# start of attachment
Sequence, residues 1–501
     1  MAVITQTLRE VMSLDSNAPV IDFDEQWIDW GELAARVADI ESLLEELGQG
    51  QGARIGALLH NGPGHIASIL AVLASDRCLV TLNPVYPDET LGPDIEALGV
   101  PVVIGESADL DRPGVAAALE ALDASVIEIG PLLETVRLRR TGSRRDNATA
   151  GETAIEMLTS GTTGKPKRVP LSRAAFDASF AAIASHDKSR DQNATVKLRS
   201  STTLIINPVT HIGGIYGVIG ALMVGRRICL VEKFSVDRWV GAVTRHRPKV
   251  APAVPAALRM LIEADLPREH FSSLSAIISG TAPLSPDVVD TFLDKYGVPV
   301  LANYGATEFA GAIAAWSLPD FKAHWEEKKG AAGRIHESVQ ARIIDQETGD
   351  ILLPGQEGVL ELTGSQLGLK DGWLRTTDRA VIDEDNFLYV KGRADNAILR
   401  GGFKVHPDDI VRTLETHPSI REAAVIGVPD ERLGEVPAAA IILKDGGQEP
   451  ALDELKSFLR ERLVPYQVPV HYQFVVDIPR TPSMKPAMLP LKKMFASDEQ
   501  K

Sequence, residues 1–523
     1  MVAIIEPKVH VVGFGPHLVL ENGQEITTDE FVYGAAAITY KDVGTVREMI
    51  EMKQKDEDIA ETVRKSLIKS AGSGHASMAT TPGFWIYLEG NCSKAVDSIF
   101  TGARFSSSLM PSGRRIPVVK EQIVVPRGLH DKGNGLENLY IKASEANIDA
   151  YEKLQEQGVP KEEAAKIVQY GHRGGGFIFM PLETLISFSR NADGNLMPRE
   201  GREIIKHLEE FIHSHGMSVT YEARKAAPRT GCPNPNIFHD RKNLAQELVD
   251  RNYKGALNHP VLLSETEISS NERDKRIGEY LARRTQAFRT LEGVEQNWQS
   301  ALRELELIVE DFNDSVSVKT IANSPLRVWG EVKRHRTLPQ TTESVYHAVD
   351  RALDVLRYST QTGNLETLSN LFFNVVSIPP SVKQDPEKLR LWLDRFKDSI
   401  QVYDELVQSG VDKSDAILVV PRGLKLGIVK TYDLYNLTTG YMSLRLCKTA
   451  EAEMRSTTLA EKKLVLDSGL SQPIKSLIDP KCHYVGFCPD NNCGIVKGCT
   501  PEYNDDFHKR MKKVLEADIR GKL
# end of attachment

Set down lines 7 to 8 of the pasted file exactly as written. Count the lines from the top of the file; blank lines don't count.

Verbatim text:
   251  APAVPAALRM LIEADLPREH FSSLSAIISG TAPLSPDVVD TFLDKYGVPV
   301  LANYGATEFA GAIAAWSLPD FKAHWEEKKG AAGRIHESVQ ARIIDQETGD